Two Crucial Legal Elements in Boston Car Accident Claims

After suffering injuries in a car accident in Boston or the surrounding areas, individuals have three years to file a case in court, according to Massachusetts law.  This important law, called the “statute of limitations,” is strictly interpreted by courts, and if a case is not filed within this period of time, the plaintiff may be prevented from bringing it to court.  However, it is important to note that this statute of limitations does not affect when an individual may file their insurance claim.

Car crash

Statutes of limitations are determined by the “window” during which the cause of action accrues. Car accident injuries are held to have accrued as of the date of the injury or the date of the collision. Even victims with strong claims for compensation will be prevented from bringing a case after these three years have passed.  For victims pursuing a claim against a government entity, claims must be filed within 30 days of an accident.

Another important legal rule that may affect an individual’s ability to recover damages following a car accident is the doctrine of comparative fault.  In terms of liability, the comparative negligence law makes it important for victims not to admit fault when providing the police with statements. This is because comparative negligence can potentially affect the ability of an injured car accident victim to recover damages in a legal claim against another involved party.

As a “modified” comparative fault state, Massachusetts law holds that accident victims may recover damages if they are less than 50 percent at fault for an accident. According to Massachusetts law, if a victim is found to be 50 percent or more at fault for the accident, they will not recover damages.  The amount of damages that may be recovered will be reduced by the amount of fault the victim shared in the crash.

An example of modified comparative fault is as follows. If a jury finds that a victim is 15 percent at fault for causing an accident, and the other driver (the defendant in the legal claim) is 85 percent at fault, the victim plaintiff would still recover damages. According to the modified comparative fault rule, the victim would recover 85 percent of the total damages award.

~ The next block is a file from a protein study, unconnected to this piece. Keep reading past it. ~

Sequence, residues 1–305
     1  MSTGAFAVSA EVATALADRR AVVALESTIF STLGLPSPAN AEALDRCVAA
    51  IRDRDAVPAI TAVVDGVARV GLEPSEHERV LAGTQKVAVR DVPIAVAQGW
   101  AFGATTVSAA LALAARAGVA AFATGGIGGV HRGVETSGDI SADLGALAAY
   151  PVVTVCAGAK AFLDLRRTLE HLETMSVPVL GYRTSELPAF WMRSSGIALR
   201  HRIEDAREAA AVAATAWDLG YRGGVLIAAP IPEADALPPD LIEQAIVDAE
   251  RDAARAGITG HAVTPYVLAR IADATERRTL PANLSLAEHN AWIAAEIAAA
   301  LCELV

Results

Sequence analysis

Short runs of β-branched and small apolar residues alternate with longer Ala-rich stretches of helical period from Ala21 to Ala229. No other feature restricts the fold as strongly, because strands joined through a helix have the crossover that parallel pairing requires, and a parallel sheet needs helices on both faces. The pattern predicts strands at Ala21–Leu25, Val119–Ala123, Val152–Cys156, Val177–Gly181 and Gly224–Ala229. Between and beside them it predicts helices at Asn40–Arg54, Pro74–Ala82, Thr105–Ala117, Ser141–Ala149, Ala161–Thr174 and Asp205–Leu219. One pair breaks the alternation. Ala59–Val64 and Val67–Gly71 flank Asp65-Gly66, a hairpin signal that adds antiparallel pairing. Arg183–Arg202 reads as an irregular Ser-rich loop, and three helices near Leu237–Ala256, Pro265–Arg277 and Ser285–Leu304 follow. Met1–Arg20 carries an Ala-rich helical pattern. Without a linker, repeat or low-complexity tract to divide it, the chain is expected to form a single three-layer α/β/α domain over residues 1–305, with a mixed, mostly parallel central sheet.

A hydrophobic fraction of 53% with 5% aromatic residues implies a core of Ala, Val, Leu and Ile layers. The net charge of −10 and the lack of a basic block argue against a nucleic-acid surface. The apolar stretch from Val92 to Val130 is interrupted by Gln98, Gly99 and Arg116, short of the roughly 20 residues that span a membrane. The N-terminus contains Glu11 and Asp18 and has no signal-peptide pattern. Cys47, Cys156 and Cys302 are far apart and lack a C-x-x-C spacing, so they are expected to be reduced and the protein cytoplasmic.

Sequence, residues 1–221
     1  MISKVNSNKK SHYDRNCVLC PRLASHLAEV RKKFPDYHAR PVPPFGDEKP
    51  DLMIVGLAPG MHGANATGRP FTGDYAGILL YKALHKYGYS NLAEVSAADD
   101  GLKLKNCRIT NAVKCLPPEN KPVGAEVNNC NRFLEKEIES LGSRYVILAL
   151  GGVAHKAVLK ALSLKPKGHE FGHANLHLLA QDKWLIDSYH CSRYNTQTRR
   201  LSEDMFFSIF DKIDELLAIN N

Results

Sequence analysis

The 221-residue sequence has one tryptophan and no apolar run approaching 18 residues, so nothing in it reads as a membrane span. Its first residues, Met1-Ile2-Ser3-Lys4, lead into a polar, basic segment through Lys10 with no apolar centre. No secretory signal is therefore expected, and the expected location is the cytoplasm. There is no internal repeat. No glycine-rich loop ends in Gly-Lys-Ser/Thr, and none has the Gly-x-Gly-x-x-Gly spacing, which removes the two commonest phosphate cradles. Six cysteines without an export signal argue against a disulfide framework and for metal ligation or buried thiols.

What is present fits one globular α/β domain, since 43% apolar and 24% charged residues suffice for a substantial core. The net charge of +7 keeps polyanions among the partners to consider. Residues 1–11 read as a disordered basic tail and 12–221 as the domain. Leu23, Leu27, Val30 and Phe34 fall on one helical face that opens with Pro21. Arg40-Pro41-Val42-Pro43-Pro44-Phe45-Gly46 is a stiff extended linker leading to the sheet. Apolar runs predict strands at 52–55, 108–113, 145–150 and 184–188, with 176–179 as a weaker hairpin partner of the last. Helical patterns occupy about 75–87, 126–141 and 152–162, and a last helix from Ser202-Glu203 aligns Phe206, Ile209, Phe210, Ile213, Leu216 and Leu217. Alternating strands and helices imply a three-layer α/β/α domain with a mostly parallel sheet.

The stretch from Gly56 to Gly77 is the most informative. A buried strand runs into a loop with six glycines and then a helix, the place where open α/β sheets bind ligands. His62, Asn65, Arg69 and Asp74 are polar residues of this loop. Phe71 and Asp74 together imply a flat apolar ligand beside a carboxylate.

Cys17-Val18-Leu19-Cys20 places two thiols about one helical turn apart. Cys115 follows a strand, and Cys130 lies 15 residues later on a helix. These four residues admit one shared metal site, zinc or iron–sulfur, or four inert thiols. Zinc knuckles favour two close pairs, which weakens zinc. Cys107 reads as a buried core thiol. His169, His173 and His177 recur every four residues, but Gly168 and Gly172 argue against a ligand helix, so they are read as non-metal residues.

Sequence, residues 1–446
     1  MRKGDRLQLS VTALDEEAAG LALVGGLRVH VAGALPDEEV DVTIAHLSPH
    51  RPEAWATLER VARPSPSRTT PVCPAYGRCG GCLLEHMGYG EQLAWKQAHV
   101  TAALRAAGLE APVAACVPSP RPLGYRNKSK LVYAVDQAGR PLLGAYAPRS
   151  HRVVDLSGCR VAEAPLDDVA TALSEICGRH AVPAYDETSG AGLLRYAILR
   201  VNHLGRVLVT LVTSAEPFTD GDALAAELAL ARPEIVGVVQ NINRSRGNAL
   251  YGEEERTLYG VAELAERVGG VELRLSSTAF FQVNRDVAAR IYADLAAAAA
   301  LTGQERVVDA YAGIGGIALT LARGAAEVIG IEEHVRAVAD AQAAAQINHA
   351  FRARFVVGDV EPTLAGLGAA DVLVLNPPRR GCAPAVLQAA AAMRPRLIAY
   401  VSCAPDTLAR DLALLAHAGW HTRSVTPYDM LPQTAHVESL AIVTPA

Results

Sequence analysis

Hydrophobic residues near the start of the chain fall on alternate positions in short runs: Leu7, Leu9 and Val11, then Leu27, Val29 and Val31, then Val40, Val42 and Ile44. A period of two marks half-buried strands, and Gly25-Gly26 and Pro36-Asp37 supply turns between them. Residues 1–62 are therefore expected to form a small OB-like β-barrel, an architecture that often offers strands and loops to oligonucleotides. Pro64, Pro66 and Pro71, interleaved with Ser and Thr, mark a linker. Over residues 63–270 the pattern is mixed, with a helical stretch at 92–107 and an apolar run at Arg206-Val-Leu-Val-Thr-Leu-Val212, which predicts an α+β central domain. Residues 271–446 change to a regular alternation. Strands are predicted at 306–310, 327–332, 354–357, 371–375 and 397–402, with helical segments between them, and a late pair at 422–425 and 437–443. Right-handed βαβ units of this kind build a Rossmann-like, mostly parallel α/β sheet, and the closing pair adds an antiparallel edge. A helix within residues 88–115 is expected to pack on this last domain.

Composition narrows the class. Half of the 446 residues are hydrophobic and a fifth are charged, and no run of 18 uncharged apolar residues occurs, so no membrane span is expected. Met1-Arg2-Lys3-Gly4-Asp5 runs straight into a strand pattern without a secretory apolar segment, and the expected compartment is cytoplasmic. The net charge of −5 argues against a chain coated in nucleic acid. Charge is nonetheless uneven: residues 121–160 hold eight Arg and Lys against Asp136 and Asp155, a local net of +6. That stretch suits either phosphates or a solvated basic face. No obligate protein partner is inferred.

After handling medical issues and dealing with police at the scene of an accident, a qualified Boston car accident attorney can help you with your car accident claim. If you have suffered injuries or property damage due to the carelessness of another driver in the Boston area, our office can help. At the Law Office of Michael O. Smith, we help clients pursue the benefits to which they are entitled by law.  If you or someone close to you has been in a serious car accident and is in need of compensation, contact us for a free consultation with a skilled lawyer.  Telephone our office at (617) 263-0060 or reach us online.

More Blog Posts:

Massachusetts Appeal Court Affirms Verdict Awarding Pedestrian Damages in Lawsuit Against Driver Who Struck and Injured Her in Cambridge Crosswalk, Boston Car Accident Attorney News, February 3, 2017

Massachusetts Court Upholds Motion for New Trial Based on Excessive Damages Awarded to Victim of Car Accident When Judge Found Medical Evidence Failed to Support Alleged Harm, Boston Car Accident Attorney News, March 8, 2017